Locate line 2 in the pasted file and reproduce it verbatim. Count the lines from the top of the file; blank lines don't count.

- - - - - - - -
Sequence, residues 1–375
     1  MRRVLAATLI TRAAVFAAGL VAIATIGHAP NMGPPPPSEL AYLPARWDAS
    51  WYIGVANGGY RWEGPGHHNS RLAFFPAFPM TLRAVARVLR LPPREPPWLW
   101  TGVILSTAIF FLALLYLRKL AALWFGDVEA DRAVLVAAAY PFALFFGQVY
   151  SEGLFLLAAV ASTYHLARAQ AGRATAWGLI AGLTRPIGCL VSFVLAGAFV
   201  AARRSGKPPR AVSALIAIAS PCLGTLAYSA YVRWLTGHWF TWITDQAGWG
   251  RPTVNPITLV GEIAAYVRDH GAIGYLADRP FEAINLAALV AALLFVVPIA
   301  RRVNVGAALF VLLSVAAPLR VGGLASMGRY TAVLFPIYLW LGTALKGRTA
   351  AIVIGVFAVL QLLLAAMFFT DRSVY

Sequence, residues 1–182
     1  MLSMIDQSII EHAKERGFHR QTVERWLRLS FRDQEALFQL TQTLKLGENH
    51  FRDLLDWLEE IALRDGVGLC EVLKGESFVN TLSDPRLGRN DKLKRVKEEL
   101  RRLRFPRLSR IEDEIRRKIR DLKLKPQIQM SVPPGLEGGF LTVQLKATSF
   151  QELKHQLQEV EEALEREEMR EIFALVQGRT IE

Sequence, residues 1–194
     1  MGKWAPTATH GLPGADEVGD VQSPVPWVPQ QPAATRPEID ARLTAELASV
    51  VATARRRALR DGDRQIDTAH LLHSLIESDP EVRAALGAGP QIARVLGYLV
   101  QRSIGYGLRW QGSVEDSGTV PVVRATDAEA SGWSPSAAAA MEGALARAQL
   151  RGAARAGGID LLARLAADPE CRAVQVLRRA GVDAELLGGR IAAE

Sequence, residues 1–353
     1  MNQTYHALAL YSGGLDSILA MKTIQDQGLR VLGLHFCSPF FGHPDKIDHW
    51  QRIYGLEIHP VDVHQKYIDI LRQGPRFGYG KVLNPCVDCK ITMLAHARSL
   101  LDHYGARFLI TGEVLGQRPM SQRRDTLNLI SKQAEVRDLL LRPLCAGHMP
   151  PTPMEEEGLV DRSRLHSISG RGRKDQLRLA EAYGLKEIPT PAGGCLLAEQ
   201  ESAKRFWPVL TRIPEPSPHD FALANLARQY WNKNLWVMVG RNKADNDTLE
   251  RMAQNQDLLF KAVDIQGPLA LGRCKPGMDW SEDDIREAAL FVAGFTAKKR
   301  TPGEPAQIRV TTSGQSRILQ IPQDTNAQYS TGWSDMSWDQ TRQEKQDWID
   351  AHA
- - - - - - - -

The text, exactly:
     1  MRRVLAATLI TRAAVFAAGL VAIATIGHAP NMGPPPPSEL AYLPARWDAS